This City Council have told Virtual-Lancaster that this separate study, also commissioned from Turley, has not yet been completed. This is fortunate as it is likely to need considerable revision, if it is not to become so quickly obsolete as their first report.

Turley's first report suggests that their expectation of economic growth is mainly inspired by the Lancashire Enterprise Partnership (LEP), a 'creative (i.e. unaccountable) collaboration of leaders from business, universities and local councils', who are perhaps planning for loss of housing availability around Fylde as land is consumed by fracking.

LEP explain an additional reason for their optimism on their website:

"Our Enterprise Zone is being developed at two world-class locations – BAE Systems’ sites at Samlesbury and Warton - where we are already gearing up for growth.  Up to 6,000 highly skilled jobs will be created directly, plus a further 5,000 to 7,000 in the local supply chain."

You can read more about arms-manufaturers BAE Systems  'Al-Yamamah' corruption scandal here.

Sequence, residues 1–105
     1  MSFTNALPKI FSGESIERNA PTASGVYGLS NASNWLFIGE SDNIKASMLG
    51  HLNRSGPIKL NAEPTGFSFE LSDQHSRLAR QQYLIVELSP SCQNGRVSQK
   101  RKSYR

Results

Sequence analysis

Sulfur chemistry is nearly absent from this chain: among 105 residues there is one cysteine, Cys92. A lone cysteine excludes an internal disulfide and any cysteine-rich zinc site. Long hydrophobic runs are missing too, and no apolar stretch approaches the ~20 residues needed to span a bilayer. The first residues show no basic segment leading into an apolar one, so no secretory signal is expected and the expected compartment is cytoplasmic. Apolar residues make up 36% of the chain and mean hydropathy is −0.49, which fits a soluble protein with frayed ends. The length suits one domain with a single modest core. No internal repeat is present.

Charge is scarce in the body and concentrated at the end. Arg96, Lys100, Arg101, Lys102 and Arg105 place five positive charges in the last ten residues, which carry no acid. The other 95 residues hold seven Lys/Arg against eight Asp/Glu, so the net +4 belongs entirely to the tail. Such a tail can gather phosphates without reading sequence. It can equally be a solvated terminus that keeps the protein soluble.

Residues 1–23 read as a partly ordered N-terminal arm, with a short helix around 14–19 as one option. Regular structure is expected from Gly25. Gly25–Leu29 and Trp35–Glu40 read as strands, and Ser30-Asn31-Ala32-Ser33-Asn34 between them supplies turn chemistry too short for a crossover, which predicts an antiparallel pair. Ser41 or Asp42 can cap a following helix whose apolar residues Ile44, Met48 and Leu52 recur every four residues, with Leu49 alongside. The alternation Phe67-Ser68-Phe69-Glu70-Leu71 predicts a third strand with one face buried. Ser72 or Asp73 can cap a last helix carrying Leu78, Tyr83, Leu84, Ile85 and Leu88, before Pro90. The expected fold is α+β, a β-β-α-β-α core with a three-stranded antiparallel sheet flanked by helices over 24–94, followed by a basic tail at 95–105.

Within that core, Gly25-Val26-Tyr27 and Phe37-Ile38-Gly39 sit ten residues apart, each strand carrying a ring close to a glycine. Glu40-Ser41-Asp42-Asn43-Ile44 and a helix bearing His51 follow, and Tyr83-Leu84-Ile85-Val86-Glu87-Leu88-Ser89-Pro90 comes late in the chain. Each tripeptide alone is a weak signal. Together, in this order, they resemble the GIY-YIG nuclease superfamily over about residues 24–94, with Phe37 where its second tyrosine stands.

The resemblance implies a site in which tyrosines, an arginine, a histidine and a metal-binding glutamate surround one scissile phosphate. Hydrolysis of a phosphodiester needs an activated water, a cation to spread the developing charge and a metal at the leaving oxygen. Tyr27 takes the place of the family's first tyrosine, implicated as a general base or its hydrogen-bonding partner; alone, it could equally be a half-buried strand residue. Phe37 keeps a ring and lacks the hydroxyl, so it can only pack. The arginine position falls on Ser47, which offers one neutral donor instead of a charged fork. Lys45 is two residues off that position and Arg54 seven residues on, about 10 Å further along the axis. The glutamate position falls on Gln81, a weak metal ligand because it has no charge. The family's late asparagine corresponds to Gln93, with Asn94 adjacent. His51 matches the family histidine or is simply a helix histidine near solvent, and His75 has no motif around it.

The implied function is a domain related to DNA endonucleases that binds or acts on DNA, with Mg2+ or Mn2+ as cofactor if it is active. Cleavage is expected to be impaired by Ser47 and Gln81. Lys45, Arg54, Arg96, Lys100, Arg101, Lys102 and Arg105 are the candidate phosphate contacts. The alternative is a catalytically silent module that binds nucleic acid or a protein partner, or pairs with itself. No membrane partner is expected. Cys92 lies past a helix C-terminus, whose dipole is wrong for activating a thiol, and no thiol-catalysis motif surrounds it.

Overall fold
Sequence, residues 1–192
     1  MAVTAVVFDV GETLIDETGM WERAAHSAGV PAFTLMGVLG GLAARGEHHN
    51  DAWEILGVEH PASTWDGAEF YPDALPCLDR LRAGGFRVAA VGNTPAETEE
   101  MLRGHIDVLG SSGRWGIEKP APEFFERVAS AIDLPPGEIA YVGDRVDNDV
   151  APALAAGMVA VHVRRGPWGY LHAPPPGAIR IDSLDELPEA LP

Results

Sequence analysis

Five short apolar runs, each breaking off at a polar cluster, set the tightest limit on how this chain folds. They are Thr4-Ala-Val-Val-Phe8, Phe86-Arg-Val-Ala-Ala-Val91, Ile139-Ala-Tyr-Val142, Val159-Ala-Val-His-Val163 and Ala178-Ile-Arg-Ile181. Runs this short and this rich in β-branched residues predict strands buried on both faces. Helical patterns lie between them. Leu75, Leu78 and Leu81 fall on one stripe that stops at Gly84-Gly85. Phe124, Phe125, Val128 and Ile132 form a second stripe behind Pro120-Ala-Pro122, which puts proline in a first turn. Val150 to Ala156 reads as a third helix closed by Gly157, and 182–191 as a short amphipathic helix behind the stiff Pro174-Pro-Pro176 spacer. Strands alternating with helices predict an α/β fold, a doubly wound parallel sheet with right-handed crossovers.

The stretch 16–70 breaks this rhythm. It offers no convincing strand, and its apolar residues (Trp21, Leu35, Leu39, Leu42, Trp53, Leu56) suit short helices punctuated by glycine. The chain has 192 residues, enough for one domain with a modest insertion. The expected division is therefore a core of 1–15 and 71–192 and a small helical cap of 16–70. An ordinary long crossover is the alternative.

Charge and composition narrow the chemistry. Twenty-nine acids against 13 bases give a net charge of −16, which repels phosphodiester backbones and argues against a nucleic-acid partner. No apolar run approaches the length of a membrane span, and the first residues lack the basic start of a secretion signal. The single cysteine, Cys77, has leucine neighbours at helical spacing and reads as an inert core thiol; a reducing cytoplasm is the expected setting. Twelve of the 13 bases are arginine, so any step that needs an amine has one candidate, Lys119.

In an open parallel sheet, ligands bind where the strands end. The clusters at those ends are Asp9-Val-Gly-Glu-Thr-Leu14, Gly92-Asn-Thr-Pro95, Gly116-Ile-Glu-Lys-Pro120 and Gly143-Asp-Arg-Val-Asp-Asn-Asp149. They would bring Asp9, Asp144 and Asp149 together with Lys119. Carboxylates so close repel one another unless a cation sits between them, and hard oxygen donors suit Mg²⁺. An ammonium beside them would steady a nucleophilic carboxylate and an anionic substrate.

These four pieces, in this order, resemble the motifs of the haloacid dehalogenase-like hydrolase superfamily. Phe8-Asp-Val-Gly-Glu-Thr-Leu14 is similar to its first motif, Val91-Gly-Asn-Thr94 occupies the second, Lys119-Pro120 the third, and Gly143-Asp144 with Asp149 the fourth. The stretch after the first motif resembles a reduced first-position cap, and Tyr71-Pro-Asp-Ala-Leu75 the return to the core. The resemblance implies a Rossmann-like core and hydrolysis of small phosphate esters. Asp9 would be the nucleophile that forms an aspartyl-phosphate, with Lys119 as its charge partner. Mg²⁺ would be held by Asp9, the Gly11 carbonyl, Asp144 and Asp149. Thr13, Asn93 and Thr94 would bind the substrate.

New report commissioned. Government to blame. 
Labour Coun Janice Hanson, Cabinet member with responsibility for planning and regeneration, told Virtual Lancaster:

"It is important to be clear that the consultant's advice about numbers is just that - advice!


"No decisions have been taken by councillors yet and we are very keen to get the responses from our communities before decisions are taken.

"It’s equally important to say that we would much prefer to be considering growth needs over the next few years rather than the next twenty years as required by central Government.  Indeed the recently published figures by ONS demonstrate the pitfalls of the Government's approach.

"We will be asking Turley to recalculate based on the new figures and pointing out to Government the unpredictability of its twenty year timeframe."